Copenhagen – that all important gathering of nations to find solutions to climate change is upon us.
In a few weeks, government leaders, NGO’s, civil society groups and interested parties will gather at this Danish city to chart humankind’s response to what could be referred to as the biggest challenge ever to face this planet and mankind since the last ice age.
Copenhagen comes at a time when debate rages among nations on the primary causes of climate change. It appears since the last gathering in Kyoto, Japan, sceptics still abound and in some cases outnumber those who truly believe that carbon emissions are a primary cause of this global scourge.
To say that carbon emissions present a far greater threat to human existence than global terrorism is an understatement of note.
Africa, a small contributor when compared to the big industrial nations, is experiencing some of the worst effects of climate change.
Sub-Saharan Africa has experienced some of the worst droughts to hit this region in a long time. This has had a negative impact on a number of countries, with most unable to produce crops and engage in other forms of agricultural activities to feed their people.
Food security has become the biggest challenge to face the African Continent.
I personally doubt the commitment of most industrialised nations to meet their carbon reduction targets.
Profits seem to have taken a precedent over what is in the best interest of humanity.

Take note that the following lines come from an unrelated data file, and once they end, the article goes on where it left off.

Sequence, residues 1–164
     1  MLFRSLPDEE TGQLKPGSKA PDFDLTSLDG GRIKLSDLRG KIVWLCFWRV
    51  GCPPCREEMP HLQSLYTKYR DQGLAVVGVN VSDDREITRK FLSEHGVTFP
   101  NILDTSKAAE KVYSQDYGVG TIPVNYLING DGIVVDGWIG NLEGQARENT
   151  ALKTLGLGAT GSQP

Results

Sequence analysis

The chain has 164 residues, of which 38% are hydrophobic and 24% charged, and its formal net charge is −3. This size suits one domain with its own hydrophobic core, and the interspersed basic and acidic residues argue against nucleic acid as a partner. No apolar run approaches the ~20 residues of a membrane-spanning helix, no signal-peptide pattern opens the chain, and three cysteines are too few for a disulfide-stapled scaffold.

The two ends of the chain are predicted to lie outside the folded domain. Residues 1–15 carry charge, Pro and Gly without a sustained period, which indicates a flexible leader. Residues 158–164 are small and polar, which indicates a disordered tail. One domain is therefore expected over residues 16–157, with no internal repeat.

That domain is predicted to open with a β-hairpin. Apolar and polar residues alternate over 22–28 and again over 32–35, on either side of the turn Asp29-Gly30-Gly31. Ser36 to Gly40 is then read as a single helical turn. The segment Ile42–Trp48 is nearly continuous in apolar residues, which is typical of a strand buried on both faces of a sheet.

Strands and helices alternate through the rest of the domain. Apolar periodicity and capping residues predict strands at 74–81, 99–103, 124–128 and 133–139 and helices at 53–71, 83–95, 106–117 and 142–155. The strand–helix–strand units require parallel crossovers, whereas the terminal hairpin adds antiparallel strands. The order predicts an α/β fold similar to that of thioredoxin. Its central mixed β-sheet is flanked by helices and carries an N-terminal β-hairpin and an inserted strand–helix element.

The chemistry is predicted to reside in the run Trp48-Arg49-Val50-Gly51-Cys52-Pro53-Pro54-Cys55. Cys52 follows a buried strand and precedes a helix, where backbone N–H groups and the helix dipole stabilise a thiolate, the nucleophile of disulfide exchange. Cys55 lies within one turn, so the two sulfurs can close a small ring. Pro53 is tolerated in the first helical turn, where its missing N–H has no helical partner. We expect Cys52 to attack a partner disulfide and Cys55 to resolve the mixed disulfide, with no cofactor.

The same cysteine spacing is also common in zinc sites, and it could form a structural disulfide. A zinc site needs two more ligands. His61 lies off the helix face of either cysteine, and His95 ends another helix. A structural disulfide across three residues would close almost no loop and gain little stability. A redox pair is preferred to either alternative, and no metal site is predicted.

It does not take watching a Hollywood blockbuster to realise the impact of climate change on poor nations, especially those on the African continent who have minimal or no resources to manage or respond to major disasters.
It is incumbent on the G8 countries to show leadership in this area. As the worst polluters of the planet, they owe it to all of us and future generations to clean up their act.
Cheap solutions, such as offering carbon credits to the same countries that are victims and allowing big nations to run riot and use strong arm tactics to get away from meeting their responsibilities, is not helpful.
Copenhagen must be a turning point and an opportunity to inaugurate a new dispensation and accord amongst nations who commit to do things differently.
Future generations deserve better.
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